Newsom Now ‘Likely’ To Delay Swearing-In As Lieutenant Governor
SAN FRANCISCO (BCN) – The chances of San Francisco Mayor Gavin Newsom delaying his swearing-in Monday as lieutenant governor of California have changed from highly improbable to “likely,” a mayoral spokesman said Wednesday.
Newsom had been scheduled to assume his new post on Jan. 3 along with the other officials elected in November to the state’s highest offices, Gov.-elect Jerry Brown and Attorney General-elect Kamala Harris, San Francisco’s district attorney.
“At this point it’s likely he’ll remain mayor a few days longer, to conclude a few important projects” and to “ensure a stable transition for the interim mayor,” Newsom spokesman Tony Winnicker said Wednesday.
Among the tasks Newsom is hoping to complete are further budget cuts to help offset an estimated $380 million deficit for the coming fiscal year, naming a district attorney to replace Harris, and the securing of the 2013 America’s Cup for San Francisco.
Local team BMW Oracle, which won the cup earlier this year and is therefore entitled to choose the next host city, is still courting a bid from Rhode Island. Newsom’s office is staying hopeful amid reports today that officials in that state are not ready to meet the team’s Dec. 31 deadline.
Winnicker said San Francisco’s bid, in contrast, is in good shape.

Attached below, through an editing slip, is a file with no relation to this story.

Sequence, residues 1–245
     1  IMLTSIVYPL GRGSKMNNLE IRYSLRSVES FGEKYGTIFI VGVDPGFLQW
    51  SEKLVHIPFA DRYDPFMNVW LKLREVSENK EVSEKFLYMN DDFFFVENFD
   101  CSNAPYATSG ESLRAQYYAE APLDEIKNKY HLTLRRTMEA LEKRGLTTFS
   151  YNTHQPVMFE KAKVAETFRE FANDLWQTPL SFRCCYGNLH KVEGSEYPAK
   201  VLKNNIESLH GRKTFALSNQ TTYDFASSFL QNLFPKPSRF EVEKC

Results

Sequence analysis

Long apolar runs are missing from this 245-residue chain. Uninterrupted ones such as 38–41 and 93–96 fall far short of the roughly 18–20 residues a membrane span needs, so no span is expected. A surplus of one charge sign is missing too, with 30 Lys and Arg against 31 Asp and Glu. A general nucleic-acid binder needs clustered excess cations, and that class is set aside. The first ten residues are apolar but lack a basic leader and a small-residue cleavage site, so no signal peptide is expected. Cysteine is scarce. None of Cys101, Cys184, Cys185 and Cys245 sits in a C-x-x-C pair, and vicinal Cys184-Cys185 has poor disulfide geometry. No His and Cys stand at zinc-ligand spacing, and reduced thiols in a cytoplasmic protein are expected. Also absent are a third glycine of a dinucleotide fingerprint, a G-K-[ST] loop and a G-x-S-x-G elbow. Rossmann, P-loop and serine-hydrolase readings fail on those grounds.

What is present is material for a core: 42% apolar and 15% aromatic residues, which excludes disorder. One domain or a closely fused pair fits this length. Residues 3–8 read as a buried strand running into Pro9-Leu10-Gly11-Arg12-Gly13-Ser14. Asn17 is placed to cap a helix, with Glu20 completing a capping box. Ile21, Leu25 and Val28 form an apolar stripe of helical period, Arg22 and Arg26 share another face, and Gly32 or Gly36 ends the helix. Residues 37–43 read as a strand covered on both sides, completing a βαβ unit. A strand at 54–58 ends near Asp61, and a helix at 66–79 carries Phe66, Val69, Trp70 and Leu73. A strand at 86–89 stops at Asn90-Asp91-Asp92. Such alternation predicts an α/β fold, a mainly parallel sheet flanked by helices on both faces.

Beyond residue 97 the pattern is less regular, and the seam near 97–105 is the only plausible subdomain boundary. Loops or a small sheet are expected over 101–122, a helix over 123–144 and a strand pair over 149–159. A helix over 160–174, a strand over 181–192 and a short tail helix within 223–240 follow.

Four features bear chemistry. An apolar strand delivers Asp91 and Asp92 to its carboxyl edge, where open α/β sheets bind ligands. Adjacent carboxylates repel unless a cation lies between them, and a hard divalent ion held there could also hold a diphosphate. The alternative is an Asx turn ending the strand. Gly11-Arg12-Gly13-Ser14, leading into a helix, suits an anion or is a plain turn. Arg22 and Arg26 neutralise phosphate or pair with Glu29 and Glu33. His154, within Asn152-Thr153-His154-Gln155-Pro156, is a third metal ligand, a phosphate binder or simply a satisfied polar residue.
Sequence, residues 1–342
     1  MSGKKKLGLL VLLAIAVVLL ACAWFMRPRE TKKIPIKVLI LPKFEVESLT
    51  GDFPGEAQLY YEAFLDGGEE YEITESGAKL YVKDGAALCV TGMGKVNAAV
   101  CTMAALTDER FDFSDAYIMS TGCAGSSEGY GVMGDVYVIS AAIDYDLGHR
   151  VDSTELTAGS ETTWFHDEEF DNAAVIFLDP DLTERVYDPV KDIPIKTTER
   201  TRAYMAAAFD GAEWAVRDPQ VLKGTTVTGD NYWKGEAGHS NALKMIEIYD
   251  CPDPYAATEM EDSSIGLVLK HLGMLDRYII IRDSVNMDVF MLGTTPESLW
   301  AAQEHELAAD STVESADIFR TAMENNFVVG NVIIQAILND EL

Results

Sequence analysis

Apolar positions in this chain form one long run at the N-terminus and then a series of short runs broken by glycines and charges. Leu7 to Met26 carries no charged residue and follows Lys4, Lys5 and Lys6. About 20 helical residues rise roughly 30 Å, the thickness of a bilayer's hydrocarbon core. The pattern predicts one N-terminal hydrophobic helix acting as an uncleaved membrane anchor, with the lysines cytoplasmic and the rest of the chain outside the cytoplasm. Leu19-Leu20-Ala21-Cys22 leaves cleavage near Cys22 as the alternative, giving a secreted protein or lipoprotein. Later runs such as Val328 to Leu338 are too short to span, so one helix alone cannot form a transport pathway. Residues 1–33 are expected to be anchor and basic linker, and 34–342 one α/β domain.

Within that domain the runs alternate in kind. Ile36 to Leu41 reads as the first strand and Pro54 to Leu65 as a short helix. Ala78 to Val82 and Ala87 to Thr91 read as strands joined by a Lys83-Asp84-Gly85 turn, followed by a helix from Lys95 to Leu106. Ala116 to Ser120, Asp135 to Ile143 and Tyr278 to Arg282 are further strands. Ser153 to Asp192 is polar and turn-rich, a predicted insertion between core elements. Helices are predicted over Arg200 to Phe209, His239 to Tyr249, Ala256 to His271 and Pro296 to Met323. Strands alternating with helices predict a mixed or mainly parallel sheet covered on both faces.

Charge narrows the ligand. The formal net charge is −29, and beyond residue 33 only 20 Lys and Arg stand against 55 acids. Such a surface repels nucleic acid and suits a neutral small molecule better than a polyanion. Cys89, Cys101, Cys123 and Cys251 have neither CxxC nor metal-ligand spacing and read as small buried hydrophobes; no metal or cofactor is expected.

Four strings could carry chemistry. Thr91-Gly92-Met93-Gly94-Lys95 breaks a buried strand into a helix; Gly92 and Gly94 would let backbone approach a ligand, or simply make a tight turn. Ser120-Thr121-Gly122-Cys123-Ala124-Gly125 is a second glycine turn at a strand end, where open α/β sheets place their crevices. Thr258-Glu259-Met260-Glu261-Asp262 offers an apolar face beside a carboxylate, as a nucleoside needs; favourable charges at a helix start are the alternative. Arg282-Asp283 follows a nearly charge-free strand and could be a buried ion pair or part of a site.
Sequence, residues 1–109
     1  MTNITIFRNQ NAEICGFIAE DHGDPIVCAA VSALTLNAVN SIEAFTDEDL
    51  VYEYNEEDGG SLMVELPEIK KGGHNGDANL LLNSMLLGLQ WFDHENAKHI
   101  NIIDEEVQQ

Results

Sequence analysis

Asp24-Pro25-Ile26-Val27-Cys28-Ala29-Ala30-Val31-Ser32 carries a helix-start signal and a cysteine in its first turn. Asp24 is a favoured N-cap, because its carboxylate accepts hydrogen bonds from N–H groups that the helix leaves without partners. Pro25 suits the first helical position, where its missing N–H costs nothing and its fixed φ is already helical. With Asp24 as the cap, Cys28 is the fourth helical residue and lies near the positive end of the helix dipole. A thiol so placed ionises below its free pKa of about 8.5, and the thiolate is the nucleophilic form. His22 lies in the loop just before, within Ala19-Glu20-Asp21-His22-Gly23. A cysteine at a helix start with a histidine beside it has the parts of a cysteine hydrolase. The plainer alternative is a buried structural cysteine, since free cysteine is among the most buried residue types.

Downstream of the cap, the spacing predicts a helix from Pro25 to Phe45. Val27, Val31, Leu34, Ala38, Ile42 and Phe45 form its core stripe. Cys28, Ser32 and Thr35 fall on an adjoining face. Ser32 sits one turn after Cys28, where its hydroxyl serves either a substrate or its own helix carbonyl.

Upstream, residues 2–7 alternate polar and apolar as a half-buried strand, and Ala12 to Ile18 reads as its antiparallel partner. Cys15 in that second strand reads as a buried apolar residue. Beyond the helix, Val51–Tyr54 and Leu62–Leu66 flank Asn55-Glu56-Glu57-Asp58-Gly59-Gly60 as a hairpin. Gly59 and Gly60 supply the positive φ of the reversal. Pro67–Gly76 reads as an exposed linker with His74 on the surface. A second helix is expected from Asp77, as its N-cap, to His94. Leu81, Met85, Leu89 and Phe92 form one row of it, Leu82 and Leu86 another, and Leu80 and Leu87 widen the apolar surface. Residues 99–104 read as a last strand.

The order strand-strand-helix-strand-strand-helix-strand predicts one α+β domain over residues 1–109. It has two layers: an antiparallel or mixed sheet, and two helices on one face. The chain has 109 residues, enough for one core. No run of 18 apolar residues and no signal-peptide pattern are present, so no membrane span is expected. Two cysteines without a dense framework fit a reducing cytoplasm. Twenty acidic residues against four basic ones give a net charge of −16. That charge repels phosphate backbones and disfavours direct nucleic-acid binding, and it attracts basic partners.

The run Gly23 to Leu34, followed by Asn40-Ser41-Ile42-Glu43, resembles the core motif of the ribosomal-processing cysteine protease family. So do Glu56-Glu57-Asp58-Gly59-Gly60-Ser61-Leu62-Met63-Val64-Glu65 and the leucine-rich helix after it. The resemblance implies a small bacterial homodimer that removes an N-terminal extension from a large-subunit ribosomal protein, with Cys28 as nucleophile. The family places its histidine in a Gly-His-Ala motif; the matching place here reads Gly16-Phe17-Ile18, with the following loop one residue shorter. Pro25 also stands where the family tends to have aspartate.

The bid was unanimously approved by the Board of Supervisors on Dec. 14.
“It’s ready to go, it’s detailed, it offers extraordinary benefits for the city and the team, and we continue to believe that there’s no better place on Earth for the America’s Cup than San Francisco,” Winnicker said.
“We continue to have very positive discussions with members of the team,” he added.
While Newsom is “eager to assume the office of lieutenant governor to which he’s been elected,” Winnicker said he is planning to delay his appointment by at least a day or two, or “at most several days.”
There remains the thorny issue of naming an interim mayor to replace Newsom, a task that falls to the Board of Supervisors. That person, who needs at least six votes from the 11-member board, would serve about a year. The next mayoral election is in November.
Newsom has said in recent weeks that he was “99 percent” likely to leave office on Jan. 3, unless the board appointed a “radical” mayor who could jeopardize the city’s fiscal integrity. After several hearings in November and December, the board has yet to name anyone.
The last meeting of the current board, which leans politically left of Newsom, is on Tuesday, but a new board with four new members will be sworn in on Jan. 8.
The makeup of the new board is considered slightly more moderate than the current one, which could put it more in alignment politically with Newsom.
“He’s doing all he can to support the Board of Supervisors in choosing a responsible interim mayor,” Winnicker said.
Newsom has said he thinks the new board should decide on an interim mayor, and that that mayor should not use the office to advance political objectives.
Winnicker declined to name any possible replacements the mayor would approve of, and added that Newsom has not yet decided on a district attorney replacement.
He said Newsom will be in Sacramento on Monday for the swearing-in ceremonies of Brown and Harris.
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